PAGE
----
Bet on It by Jodie Slaughter



I receive the monthly romance novel subscription box from the lovely folks at the Ripped Bodice, the romance-only bookshop in California. It’s one of the true treats in my life, to get a knock on the door from the courier and see a new trove of romantic delights. Bet on It was a contemporary romance from one of these boxes, a novel I may not have otherwise picked up because bingo isn’t really my thing.

Aja Owens moved to the tight-knit town of Greenbelt, South Carolina, for a change, and to find a place that might ease her extreme anxiety issues. It’s a minor oasis, even though she’s too shy to go to any sort of social events outside of weekly bingo games with fellow players old enough to be her grandmother. Walker Abbott, however, hates Greenbelt. He left the place as soon as he could after a tough life with addict parents, and he’s only returned to help his ailing grandmother after an accident. He plans to leave as soon as she’s better. But he doesn’t expect Aja, who he is instantly smitten with. To keep things ‘simple’ between them, in the tradition of many a romance, they decide to form a bingo-related sex pact. That’ll allow them to explore the scorching chemistry they share without silly emotions getting in the way. Ha.

I must admit, I’m a sucker for the ‘sex pact gone romantic’ trope. So much drama and hotness! Bet on It certainly has its fair share of both. But the thing I appreciated the most from this novel was its exploration of mental health. Aja has anxiety issues. Walker struggles with PTSD related to his troubled childhood. They bond over shared coping mechanisms, find ways to relate to one another, but also to offer space when required. It was reassuring to see these oft-ignored but crucial conversations integrated so organically into Aja and Walker’s story. Cuteness with emotional heft = my favorite combination.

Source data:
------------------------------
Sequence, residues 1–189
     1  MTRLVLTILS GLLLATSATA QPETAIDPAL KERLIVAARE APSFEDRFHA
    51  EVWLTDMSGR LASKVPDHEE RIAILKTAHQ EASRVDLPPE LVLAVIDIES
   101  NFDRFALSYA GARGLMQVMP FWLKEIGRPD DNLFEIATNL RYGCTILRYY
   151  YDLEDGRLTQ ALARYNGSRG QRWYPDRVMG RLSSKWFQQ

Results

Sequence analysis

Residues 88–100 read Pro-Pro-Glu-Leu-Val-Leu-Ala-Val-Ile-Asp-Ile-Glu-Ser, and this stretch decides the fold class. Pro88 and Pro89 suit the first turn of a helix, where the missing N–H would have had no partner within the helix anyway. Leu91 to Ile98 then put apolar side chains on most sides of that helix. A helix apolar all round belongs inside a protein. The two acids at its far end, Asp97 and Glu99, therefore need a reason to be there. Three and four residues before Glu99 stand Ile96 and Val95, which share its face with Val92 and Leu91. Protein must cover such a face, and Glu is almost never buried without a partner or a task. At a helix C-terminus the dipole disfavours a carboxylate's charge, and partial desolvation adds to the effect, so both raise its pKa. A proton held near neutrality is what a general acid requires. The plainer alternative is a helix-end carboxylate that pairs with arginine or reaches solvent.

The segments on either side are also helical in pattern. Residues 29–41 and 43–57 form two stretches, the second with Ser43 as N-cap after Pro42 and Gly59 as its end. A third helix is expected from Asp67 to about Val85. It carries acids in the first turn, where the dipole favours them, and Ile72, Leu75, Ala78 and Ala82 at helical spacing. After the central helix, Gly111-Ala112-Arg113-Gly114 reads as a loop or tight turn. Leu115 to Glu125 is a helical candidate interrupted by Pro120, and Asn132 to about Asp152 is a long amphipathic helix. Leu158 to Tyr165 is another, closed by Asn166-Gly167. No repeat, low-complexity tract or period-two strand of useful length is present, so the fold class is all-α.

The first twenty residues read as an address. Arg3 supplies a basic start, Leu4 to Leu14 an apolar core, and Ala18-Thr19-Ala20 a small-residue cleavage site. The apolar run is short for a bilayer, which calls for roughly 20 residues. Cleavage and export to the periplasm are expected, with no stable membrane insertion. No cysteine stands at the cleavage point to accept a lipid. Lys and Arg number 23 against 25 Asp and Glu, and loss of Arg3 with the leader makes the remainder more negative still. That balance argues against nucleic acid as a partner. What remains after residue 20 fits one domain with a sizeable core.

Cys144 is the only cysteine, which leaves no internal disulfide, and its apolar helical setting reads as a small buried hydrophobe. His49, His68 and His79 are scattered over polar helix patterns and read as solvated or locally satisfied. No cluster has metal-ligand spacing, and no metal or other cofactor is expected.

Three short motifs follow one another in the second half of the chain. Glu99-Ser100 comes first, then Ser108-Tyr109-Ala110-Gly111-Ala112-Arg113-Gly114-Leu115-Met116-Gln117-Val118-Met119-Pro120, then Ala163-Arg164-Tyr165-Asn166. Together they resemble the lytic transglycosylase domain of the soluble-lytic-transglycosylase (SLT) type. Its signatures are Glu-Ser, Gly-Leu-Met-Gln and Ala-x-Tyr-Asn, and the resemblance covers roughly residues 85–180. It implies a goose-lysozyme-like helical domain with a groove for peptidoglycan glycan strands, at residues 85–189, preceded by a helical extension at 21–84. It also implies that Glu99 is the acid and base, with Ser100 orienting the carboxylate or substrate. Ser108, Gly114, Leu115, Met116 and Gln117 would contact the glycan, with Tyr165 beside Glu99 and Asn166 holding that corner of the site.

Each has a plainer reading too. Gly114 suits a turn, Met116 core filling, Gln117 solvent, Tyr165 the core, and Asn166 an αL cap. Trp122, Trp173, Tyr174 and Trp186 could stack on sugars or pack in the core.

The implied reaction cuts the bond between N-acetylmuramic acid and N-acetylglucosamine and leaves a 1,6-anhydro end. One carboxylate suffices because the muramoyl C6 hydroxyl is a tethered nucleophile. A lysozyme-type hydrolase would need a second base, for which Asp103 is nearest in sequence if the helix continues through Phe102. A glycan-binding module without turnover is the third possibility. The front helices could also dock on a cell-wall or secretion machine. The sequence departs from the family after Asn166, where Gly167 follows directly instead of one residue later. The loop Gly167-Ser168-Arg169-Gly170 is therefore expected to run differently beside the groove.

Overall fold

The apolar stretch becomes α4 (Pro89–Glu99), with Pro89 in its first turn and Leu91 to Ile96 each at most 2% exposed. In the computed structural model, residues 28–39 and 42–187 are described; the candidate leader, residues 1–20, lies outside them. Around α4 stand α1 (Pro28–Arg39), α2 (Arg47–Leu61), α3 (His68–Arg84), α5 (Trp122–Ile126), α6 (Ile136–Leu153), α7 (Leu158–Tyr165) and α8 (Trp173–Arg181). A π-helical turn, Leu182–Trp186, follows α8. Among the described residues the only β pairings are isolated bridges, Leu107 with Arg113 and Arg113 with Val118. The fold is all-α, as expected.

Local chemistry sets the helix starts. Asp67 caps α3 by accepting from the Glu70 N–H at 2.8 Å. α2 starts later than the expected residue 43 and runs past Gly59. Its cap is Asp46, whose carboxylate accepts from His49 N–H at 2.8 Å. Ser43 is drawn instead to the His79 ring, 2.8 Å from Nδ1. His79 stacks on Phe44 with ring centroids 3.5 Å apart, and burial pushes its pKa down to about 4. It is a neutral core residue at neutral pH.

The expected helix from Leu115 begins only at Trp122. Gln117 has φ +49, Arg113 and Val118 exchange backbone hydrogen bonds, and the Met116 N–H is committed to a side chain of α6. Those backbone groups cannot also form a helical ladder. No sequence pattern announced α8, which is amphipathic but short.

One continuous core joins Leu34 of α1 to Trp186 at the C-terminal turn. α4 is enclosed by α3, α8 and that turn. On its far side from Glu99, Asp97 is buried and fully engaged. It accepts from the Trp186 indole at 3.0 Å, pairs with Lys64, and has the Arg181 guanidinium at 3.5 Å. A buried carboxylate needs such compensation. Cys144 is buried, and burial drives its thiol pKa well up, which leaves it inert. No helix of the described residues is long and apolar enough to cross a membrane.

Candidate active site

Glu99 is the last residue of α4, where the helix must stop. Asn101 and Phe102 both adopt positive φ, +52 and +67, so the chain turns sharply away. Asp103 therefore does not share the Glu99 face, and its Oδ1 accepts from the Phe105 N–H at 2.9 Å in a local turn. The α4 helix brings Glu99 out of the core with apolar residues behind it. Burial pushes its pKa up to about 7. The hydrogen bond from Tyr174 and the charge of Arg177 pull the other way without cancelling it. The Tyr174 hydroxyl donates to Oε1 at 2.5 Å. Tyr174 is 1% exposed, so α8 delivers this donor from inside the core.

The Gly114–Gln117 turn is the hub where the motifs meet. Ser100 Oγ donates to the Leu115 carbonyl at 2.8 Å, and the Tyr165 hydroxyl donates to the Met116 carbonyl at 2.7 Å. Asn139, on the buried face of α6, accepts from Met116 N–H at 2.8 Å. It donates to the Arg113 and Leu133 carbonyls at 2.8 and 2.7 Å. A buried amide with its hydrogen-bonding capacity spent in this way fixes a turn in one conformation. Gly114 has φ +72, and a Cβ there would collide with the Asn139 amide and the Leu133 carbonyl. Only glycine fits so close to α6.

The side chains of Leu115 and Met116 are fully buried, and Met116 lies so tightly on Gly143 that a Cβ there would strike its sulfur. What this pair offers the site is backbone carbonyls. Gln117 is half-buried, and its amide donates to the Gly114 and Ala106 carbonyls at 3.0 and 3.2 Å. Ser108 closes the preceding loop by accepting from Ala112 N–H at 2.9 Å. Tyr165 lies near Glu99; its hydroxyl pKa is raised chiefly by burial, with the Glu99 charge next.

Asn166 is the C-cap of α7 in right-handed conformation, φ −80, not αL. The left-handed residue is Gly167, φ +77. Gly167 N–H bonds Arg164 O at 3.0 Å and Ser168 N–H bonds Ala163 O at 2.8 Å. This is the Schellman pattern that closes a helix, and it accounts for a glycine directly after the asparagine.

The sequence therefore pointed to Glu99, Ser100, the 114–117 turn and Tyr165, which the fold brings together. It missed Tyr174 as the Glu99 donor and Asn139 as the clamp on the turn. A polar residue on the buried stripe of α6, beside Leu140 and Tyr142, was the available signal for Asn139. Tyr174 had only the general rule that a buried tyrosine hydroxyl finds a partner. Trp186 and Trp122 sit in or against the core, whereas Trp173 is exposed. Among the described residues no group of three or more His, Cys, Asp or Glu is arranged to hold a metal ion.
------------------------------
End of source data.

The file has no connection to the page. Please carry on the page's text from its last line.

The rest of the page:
Remarkably Bright Creatures by Shelby van Pelt



Tova Sullivan is a 70-something woman who has taken a job at the Sowell Bay Aquarium to stave off boredom and grief. Keeping busy helps her to stop thinking about her late husband and the mysterious disappearance of her son, Erik, over 30 years ago. She prefers to keep to herself, especially as the perils of ageing see her considering moving from her family home and leaving behind her community. There’s nothing she likes less than meddling. Unfortunately, the curmudgeonly giant Pacific octopus living at the aquarium has taken note of her problems. And Marcellus wants to help.

There’s a certain kind of contemporary fiction that features a lot of domestic issues, grand lessons to be learned, and secrets to be revealed. Oprah’s book club was practically built on this trope, and for good reason. It’s a sturdy and relatable subgenre that typically centers the emotions and woes of older women, taking seriously that which much of literature dismisses. Remarkably Bright Creatures fits in perfectly with those novels, albeit with a magical realism twist in the form of an octopus who occasionally provides narration. Yes, we get to hear Marcellus’ thoughts, and he has many. Your enjoyment of this novel will depend entirely on how much you can suspend your disbelief over an octopus who immediately guesses the big twist and sets about trying to tell the humans about it via burglary, jailbreak, and subterfuge. These were definitely the weakest parts of the story for me, even if Marcellus’ droll observations of the world provided a chuckle or two. Expect to see this one in many a book club.